by Annie*, a Live Dead Arab World missionary 

Not long ago, I joined a local English language center for coffee. The topic was generosity. My job was to ask questions and ignite conversation.

I started with “Does your family give? To whom? When?” However, I quickly realized stinginess is a universal disgrace, so my questions weren’t yielding real answers.

I tried another approach. “How do parents teach their children the value of generosity?” Every person in my group agreed: “Families don’t talk about it. Parents just give and children learn from watching.”

Here’s where my belief diverges.

True, I learned generosity of time, talent, and treasure by watching others. I learned from those who did it well, and from those who did it poorly. But I learned more transformative lessons when an explanation accompanied the model I saw.

Because deep down, I believe visual models don’t give us the entire truth.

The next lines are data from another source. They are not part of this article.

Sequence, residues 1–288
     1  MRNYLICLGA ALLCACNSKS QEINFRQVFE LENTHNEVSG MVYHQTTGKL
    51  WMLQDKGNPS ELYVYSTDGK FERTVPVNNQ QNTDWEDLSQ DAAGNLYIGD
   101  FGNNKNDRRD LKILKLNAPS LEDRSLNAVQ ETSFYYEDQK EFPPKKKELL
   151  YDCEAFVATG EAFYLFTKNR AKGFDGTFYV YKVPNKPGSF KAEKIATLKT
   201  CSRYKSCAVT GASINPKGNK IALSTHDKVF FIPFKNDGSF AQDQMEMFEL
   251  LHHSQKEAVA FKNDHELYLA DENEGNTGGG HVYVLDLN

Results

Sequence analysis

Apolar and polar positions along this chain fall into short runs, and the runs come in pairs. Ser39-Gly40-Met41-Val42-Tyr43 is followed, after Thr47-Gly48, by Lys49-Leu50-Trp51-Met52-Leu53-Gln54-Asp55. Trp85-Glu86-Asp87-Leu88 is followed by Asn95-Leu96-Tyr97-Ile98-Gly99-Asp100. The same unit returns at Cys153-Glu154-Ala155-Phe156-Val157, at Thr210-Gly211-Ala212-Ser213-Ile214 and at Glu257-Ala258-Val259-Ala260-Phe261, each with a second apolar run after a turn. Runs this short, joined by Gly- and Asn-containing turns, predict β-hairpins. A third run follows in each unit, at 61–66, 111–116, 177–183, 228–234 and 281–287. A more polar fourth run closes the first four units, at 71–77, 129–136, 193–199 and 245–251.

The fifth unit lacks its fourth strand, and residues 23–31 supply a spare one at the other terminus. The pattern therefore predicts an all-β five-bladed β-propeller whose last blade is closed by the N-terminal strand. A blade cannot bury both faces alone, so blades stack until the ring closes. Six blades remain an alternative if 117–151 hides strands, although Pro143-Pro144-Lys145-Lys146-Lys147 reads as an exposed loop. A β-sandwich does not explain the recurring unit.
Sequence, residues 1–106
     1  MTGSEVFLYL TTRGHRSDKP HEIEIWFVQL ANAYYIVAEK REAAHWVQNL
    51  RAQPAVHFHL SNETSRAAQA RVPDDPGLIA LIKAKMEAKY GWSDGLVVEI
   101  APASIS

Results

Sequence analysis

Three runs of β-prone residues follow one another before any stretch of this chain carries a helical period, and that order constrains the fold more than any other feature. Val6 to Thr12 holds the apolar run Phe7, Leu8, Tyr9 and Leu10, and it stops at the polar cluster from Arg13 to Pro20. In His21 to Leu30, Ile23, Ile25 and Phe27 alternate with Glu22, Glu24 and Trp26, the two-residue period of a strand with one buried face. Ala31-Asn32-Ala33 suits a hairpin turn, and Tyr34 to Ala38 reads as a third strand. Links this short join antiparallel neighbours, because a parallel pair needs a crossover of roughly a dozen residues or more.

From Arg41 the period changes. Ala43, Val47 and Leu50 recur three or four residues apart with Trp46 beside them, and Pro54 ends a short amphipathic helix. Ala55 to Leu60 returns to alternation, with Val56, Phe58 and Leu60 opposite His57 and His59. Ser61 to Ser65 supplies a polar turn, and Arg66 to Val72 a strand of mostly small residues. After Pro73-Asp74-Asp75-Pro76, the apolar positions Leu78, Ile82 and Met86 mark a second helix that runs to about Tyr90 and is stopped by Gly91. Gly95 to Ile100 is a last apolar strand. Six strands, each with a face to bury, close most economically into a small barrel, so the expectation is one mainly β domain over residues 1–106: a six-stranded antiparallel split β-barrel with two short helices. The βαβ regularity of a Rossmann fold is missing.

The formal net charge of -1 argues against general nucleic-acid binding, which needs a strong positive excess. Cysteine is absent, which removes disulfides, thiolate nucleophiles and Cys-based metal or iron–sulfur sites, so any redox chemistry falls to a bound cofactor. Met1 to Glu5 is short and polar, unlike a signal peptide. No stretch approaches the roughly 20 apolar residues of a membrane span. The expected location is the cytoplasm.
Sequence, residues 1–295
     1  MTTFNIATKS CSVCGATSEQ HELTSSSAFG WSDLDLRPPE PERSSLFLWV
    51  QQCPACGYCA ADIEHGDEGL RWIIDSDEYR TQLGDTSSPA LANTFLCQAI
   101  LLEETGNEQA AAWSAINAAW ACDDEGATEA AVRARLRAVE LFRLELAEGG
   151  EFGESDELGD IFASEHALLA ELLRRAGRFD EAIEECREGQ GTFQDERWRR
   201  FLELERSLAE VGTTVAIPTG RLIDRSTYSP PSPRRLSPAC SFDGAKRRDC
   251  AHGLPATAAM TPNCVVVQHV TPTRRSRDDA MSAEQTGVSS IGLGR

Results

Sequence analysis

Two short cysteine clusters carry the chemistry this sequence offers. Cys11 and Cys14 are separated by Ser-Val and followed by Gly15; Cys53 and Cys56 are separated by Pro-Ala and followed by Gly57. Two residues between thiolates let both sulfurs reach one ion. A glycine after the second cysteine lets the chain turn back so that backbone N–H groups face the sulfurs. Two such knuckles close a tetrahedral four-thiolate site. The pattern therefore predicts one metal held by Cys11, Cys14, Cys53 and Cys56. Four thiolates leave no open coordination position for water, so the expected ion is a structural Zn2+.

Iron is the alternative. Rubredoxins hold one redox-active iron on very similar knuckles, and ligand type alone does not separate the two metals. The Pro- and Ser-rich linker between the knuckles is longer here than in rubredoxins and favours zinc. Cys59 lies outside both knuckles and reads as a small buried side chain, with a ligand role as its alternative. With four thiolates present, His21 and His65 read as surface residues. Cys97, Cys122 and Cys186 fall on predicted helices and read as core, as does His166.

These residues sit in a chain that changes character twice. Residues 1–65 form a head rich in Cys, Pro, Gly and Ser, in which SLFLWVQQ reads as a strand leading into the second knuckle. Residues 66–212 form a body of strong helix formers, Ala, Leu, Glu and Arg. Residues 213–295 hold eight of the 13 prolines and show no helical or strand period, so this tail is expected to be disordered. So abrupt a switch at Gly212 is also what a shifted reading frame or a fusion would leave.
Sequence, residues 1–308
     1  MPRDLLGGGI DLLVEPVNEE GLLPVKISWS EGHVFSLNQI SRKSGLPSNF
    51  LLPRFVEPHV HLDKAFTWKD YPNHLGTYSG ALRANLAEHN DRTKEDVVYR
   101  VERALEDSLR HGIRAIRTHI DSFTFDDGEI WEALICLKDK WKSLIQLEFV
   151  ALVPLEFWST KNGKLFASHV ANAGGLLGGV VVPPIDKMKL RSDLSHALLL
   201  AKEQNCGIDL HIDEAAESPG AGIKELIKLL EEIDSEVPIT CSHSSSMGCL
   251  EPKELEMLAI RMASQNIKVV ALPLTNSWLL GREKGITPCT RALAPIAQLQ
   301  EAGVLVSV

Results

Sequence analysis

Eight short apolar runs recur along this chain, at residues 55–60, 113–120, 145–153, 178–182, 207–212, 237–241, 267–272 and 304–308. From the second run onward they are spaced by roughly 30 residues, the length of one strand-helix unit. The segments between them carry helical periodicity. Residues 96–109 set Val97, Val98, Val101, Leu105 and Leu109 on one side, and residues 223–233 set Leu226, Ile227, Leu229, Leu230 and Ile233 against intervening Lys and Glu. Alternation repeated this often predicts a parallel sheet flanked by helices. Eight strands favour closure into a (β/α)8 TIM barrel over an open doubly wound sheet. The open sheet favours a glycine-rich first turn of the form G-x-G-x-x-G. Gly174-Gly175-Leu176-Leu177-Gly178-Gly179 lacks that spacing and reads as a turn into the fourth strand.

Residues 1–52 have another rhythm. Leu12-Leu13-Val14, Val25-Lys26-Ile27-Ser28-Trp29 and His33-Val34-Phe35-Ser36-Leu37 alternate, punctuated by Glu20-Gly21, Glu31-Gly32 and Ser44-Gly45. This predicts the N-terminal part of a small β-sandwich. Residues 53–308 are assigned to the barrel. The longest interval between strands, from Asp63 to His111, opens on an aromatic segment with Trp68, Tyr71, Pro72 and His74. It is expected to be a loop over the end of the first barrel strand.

In the Muslim world, morality and good deeds earn people the right to go to heaven. So when others see me giving of myself, they immediately reason (and tell others on my behalf) that I do these because I’m a good person or because I want God’s blessings in return.

Here’s where I get mad at St. Francis of Assisi. We’ve long attributed the catchy statement to him: Preach the Gospel. If necessary use words. And I wonder, are we preaching the whole Gospel if we’re not proclaiming? When are words unnecessary? Is this an excuse to rely on our lives to speak for us?

It works if we’re coming from the same frame of reference. Which is almost never.

When I moved overseas, people from my cultural background falsely attribute my reasons to my thirst for adventure, my skills, my righteousness. In truth, I didn’t move to the Middle East for fun, because I had something of value to offer, or because I am inherently good.

Actions alone don’t clarify. I must proclaim.

I am here because I chose obedience to Jesus.
I do what I do because my love for Him compels me.
I am not righteous or holy or good because of me, but because of what Jesus did for me, because He transformed me.

And that’s the only Gospel that can change the world.

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